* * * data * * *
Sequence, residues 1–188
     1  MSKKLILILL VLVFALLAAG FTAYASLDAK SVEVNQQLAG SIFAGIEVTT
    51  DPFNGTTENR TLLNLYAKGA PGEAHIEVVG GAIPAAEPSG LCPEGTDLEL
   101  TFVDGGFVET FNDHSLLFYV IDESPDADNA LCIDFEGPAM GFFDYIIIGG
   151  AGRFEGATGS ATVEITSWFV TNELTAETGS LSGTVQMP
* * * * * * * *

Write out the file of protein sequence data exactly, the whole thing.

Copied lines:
Sequence, residues 1–188
     1  MSKKLILILL VLVFALLAAG FTAYASLDAK SVEVNQQLAG SIFAGIEVTT
    51  DPFNGTTENR TLLNLYAKGA PGEAHIEVVG GAIPAAEPSG LCPEGTDLEL
   101  TFVDGGFVET FNDHSLLFYV IDESPDADNA LCIDFEGPAM GFFDYIIIGG
   151  AGRFEGATGS ATVEITSWFV TNELTAETGS LSGTVQMP